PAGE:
Home Depot Foundation Program Helps Improve Veterans' Housing

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Home Depot Foundation Program Helps Improve Veterans' Housing

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Officials with the Home Depot Foundation on Thursday said the organization will donate $50 million over a three-year period to nonprofits that work with military veterans.

The money will be used primarily on housing initiatives across the nation, including in Atlanta.

Spokeswoman Catherine Woodling said the organization still has to identify which nonprofits will receive funding. In the past, the Home Depot Foundation has worked with groups like Quest 35 and HouseProud Atlanta.

The foundation gave $30 million to nonprofits in April 2011.

Atlanta is among 13 cities that will have kickoff celebrations for the second annual “Celebration of Service” campaign. Throughout the two-month campaign, which includes other cities, work will also be done on facilities that serve veterans. Today, more than 220 Home Depot store associates will repair and renovate the homes of 11 metro Atlanta veterans or their spouses. Volunteers will work on more than 200 additional projects during the campaign.

“This is our way of saying thank you for the service they’ve given us,” said Home Depot Foundation President Kelly Caffarelli. Last year was the first year the foundation’s volunteer project focused exclusively on veterans. “The economy is really hitting veterans hard from all generations. We want to ensure that every veteran has a safe home,” she said.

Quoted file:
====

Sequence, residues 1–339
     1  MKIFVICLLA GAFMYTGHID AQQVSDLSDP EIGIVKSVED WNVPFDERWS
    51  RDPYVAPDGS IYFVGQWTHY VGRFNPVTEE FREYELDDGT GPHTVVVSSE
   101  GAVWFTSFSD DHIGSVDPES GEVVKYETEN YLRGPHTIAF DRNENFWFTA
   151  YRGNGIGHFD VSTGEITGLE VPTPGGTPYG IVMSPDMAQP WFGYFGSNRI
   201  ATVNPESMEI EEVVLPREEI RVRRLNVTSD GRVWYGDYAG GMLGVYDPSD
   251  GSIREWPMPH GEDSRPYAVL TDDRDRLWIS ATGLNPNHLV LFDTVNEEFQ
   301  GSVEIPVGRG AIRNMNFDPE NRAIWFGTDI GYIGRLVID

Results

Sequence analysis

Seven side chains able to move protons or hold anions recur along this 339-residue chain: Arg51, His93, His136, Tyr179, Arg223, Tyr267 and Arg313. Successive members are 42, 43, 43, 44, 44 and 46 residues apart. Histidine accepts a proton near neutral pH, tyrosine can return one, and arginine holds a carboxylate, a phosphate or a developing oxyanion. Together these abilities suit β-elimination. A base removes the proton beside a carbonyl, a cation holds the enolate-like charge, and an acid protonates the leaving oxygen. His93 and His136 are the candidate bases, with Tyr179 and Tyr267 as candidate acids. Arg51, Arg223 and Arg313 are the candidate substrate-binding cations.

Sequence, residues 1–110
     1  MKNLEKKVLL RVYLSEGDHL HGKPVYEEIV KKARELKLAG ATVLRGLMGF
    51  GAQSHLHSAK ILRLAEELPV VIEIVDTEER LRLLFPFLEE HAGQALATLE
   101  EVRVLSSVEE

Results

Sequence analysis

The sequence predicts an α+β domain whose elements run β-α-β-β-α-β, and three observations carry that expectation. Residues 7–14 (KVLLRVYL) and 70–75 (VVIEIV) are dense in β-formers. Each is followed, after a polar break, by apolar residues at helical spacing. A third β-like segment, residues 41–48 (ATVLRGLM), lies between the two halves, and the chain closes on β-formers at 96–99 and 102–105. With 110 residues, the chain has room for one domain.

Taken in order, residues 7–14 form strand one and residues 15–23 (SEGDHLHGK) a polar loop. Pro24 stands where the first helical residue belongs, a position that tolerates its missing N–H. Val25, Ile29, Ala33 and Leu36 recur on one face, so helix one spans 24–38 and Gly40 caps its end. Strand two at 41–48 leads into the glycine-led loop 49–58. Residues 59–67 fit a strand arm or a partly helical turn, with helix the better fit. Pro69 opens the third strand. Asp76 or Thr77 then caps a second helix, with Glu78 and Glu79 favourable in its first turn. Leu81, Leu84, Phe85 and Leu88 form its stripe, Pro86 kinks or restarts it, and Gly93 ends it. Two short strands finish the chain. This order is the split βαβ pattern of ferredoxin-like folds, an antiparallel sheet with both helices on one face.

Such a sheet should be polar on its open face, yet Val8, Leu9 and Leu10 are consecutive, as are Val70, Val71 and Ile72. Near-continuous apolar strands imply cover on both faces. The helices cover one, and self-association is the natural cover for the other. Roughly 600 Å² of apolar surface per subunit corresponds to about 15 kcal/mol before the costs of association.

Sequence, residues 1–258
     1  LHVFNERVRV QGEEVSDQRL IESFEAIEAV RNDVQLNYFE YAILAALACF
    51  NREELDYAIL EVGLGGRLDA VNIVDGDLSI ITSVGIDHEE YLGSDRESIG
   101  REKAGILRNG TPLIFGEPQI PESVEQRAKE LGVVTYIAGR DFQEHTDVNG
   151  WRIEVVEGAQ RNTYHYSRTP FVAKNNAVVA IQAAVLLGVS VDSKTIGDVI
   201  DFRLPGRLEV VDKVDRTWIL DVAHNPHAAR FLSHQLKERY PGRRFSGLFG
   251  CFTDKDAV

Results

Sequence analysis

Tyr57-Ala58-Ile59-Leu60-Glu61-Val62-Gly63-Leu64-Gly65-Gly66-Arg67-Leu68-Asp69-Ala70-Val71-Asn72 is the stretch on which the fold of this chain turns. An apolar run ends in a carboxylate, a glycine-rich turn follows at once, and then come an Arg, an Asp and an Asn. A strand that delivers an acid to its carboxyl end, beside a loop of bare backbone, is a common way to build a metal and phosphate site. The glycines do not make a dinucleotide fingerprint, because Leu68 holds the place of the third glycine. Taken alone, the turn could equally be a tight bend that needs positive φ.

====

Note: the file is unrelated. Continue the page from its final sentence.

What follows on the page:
The initiative helps people like U.S. Army veteran James Mahone, who has lived in his three-bedroom northwest Atlanta home since he was 16.

“This house is in such disrepair,” said Mahone, 66. “Things need to be done that haven’t been done in 40 years.”

Several years ago, Mahone — who has worked as a jazz and R&B; musician and owned interior design and security businesses — had his left leg amputated below the knee. He also has degenerative joint disease and lives on Social Security benefits.

Volunteers will clean the gutters at his house, work on his lawn, do exterior painting and make repair to his back porch.

“I’m just truly blessed,” he said.

By Shelia Poole, The Atlanta Journal-Constitution


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